The pace at which these checkout people scan items is hilarious and borderline wizardry, but unfortunately it is also unrealistic for newcomers like myself to keep up. Today I found myself in utter shock needlessly panicking, sweating and wondering whether the whole shop was watching my trembling body struggling to cope with the intense pressure placed upon my bagging skills. My body was buckling. Shutting down. And it was probably funny for the surrounding employees, customers and their children.
Items were building up everywhere. Hands were flapping, head was spinning, mouth was drying, a*se was sh*tting.
I had four bags at the ready - each awaiting suitably matched items to be placed into. In other words, a normal, stress-free, relaxing bagging experience. Not here. Nope. Utter carnage follows the beginner, like myself.
I packed the toothpaste without an issue, but within a blink of an eye, a pile of items taller than the Shard appeared before my astonished face. I became bewildered. Lost. Unable to move. Or think. Or plan. Or breathe. Cue internal meltdown. What the hell do I do here? How do I organise my bags with this mountain of carrots, baked beans and curly kale?
My mind was everywhere and my hands shook violently; I had no idea how to react to the escalating situation. Ringing the NHS 111 non-emergency number crossed my mind. Screaming for help was another. Items were being pushed against each other toward the end of the belt and in to the oblivion of the floor. It was a grocery mud-slide. And I was going to die amongst it all. My days were going to end by a packet of kitchen roll and some corned beef.
A bloodbath was happening inside my bags-for-life, and my brain for that matter- which felt like it was nearing the end of its life. The pressure felt so severe, items inside the bags were horrifically mixed without their usual bag-mate. I found myself having no other choice than being forced to chuck the parsnips in with the toilet roll. The mayonnaise was hurled in the same bag as the ibuprofen, crushing the weak and vulnerable brioche buns in the process. The bread was bullied in to the bottom of another bag, resulting in the loaf being squashed and killed in action by the carrots and cheaply priced duck breasts. And the milk was required to share a bag with mouthwash and garden bin-liners. Complete mayhem.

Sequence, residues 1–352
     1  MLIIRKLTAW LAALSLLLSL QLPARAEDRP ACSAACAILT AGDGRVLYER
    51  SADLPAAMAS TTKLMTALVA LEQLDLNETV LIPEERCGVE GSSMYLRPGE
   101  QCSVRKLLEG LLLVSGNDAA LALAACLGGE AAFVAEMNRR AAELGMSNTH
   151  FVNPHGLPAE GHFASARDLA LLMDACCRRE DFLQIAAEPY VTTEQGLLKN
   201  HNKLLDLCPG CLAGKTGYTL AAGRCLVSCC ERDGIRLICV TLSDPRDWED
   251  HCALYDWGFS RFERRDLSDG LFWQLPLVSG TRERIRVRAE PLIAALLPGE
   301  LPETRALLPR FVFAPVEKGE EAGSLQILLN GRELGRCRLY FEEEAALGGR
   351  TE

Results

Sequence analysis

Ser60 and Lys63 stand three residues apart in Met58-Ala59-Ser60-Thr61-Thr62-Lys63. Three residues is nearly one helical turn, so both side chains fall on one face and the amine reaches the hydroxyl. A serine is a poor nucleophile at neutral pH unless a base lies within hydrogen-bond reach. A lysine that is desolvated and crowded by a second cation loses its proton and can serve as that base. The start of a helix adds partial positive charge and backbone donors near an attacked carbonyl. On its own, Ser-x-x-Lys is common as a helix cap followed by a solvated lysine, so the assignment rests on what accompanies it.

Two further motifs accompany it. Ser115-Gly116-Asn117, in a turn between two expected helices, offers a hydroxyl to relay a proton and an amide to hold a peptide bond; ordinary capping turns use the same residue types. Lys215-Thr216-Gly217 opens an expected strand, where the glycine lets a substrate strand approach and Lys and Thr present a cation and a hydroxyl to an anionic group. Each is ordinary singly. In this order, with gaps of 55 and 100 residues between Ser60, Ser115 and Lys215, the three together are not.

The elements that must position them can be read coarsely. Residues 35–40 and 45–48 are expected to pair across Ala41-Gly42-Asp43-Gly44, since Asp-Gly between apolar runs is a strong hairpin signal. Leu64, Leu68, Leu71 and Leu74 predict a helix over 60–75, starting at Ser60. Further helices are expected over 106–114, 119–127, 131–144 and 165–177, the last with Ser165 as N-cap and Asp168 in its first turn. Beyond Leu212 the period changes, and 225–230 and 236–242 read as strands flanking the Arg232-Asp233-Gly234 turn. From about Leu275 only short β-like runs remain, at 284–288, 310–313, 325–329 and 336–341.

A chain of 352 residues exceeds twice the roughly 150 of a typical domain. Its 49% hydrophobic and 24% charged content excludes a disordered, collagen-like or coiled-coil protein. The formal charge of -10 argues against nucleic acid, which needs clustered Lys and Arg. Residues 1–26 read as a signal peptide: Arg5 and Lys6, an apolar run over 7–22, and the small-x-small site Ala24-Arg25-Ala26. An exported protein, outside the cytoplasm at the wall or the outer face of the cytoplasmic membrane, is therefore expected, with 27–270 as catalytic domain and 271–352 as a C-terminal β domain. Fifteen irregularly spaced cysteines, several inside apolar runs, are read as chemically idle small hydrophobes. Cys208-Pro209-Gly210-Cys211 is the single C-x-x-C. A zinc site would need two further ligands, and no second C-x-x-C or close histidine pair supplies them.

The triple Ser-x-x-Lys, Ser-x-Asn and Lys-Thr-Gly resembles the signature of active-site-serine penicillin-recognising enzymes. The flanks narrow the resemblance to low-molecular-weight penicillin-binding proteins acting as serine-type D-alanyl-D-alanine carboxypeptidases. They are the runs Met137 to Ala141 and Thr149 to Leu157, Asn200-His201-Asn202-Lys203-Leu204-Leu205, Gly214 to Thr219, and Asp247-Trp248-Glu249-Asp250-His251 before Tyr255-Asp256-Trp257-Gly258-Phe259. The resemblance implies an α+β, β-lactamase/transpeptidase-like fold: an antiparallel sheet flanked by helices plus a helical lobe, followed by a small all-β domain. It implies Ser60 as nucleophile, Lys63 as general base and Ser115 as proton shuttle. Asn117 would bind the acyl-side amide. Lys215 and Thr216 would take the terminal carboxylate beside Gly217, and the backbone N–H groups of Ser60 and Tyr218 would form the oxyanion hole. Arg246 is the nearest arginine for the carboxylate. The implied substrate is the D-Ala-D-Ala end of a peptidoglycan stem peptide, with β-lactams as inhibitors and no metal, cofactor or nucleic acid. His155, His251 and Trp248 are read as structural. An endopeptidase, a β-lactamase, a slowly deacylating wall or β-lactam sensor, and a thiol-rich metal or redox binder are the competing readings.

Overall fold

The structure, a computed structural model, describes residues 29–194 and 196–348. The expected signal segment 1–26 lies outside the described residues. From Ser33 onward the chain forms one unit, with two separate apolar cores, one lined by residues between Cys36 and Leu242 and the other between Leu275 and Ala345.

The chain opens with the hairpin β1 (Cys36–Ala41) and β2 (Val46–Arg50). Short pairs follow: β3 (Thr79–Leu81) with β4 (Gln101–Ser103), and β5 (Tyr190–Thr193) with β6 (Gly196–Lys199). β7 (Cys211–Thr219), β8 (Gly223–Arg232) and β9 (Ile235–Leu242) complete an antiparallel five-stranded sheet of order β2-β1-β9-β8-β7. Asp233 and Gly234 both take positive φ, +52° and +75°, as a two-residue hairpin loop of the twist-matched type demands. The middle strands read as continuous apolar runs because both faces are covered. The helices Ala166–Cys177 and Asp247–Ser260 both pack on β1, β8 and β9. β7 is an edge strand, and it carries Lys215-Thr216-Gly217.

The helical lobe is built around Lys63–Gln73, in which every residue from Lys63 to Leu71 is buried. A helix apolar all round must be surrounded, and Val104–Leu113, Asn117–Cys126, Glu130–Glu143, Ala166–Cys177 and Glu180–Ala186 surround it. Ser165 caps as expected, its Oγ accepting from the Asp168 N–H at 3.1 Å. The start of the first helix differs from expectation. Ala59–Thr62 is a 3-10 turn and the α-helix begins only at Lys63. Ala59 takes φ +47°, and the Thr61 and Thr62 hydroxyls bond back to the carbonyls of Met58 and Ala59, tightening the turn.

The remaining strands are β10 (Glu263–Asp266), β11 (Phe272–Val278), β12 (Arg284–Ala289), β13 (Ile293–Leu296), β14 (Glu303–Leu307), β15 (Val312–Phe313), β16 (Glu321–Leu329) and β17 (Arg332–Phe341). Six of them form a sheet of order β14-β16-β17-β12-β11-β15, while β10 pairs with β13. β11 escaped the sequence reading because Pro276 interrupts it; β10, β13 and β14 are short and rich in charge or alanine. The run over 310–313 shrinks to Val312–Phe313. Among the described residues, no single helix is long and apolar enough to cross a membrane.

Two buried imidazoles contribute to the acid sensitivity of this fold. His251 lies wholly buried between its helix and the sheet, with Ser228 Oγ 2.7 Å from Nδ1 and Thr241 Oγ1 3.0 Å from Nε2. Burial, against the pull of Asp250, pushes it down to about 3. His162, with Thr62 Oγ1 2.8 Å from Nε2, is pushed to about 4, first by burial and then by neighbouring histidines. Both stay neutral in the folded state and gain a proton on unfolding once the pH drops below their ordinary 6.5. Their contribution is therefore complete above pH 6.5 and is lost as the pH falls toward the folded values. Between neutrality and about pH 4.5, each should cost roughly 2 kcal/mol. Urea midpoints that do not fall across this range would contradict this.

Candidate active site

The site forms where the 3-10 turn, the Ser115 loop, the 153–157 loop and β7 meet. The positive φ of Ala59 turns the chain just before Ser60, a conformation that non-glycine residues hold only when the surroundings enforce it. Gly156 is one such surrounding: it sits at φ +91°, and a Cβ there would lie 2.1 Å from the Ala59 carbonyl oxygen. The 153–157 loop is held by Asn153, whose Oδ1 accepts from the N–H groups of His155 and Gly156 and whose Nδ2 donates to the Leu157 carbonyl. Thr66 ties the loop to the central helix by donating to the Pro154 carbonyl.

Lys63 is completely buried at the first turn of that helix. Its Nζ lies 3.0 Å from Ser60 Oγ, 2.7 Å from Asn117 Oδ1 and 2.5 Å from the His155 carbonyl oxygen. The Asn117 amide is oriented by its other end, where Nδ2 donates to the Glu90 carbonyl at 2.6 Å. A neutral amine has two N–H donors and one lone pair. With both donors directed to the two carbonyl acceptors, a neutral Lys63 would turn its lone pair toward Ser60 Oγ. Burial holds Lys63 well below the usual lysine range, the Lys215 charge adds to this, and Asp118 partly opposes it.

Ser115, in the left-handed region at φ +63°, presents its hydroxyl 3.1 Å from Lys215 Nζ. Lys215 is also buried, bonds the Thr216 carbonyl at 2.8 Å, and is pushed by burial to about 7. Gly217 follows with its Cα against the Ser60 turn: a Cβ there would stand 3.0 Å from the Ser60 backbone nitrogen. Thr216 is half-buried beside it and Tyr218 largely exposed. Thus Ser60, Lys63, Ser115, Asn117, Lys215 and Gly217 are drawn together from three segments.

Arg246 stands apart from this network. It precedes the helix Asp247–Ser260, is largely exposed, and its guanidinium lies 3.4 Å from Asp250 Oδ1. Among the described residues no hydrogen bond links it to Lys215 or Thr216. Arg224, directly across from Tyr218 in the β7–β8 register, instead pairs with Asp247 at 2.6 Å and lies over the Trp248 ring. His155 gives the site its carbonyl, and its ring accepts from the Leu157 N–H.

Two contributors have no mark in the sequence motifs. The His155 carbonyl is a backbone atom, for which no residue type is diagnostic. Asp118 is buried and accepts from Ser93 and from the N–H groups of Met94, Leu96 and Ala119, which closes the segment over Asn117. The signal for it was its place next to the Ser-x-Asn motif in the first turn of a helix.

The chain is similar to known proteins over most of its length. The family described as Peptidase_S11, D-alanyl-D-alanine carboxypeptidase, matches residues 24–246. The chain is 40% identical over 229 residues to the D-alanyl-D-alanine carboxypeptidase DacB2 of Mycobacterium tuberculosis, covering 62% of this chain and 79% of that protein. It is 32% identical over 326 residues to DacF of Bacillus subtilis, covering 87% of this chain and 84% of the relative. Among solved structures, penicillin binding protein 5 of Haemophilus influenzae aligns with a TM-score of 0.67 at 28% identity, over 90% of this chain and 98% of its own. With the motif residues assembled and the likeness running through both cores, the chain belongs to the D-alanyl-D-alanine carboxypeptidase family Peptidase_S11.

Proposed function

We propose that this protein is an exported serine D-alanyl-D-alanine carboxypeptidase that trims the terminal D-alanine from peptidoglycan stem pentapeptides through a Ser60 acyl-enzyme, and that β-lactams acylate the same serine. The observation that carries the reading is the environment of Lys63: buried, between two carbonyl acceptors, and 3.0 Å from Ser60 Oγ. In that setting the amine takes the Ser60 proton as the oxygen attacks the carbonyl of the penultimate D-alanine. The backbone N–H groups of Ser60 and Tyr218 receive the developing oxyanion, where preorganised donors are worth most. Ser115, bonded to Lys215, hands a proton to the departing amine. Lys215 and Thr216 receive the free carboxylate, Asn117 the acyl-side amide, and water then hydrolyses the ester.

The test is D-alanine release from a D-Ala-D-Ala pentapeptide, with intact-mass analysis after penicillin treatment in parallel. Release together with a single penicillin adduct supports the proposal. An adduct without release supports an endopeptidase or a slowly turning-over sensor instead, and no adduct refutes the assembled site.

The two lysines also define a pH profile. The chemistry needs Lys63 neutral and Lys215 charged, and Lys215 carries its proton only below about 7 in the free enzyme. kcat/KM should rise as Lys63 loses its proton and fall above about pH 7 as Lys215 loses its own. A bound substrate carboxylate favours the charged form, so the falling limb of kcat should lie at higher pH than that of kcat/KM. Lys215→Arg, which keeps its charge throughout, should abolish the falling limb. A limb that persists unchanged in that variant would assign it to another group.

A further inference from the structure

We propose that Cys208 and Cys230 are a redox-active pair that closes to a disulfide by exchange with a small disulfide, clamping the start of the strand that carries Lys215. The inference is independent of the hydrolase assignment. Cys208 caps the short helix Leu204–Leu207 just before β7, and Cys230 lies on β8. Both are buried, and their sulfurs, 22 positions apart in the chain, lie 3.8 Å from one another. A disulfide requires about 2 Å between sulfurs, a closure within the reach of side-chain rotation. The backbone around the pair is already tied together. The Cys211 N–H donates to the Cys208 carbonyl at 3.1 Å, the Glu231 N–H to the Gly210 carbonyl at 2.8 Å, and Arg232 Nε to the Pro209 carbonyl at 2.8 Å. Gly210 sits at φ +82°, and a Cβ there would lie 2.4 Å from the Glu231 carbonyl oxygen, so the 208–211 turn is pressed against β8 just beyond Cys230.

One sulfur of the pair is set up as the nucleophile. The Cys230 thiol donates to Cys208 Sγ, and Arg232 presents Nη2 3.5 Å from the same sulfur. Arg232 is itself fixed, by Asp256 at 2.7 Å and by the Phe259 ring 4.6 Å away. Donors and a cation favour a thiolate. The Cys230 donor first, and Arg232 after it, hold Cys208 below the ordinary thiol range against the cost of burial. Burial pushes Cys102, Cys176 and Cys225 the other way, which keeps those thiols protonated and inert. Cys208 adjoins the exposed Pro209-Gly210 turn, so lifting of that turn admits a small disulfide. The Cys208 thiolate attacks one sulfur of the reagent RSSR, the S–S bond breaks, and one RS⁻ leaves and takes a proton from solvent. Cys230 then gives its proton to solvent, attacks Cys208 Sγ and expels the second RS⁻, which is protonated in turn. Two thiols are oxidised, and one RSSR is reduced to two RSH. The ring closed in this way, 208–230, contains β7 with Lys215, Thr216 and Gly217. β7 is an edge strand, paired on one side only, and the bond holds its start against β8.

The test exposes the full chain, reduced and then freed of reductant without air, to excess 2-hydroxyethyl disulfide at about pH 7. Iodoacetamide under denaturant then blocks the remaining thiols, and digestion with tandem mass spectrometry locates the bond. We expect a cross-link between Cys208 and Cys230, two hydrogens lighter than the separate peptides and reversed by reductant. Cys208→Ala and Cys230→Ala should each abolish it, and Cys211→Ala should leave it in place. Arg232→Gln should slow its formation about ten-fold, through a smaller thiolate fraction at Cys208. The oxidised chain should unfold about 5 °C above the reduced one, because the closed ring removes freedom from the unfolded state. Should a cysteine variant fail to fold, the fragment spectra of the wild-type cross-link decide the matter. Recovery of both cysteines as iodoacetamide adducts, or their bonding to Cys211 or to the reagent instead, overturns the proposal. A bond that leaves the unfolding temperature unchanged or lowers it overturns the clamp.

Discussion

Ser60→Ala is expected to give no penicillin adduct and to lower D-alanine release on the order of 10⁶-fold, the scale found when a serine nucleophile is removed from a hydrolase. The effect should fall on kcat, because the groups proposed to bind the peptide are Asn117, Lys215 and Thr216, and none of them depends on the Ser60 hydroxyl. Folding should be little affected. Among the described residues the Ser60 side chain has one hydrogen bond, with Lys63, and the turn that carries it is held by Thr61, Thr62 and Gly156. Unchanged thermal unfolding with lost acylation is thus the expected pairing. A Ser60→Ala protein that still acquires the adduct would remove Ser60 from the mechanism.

The funny thing about all of this was the fact it all came out of nowhere. Things started so calmly when I arrived at the checkout - keen to see what the price would be compared to other leading supermarkets.
There were no queues; the checkout lady looked bored. She had clearly mastered her trade by either guaranteeing the customer will never have to queue again by scanning at a Usain Bolt pace, or she had frightened them off and the customer had abandoned ship.
I began loading on to the conveyor - totally oblivious of the incoming storm, and as soon I placed half a dozen-or-so items on to it, I suddenly sensed some piercing eyes from the checkout lady. A surge in tension flew my way as she continued to watch me; she grew ever impatient at my loading ability. It was average, but her eyes intimidated me in to rushing my loading. My conveyor belt resembled one from the Generation Game - a complete random, mish-mash of items...no cuddly toy, though.
The fun then commenced... I was contemplating giving up and running away - leaving her with my trolley and daughter. I almost collapsed. But somehow managed to contain myself and remembered mindfulness meditation techniques to get me through stressful situations.
It worked. And I spent a record low amount of money on my weekly shop, nearly sacrificing my life in the process.Suggest a correction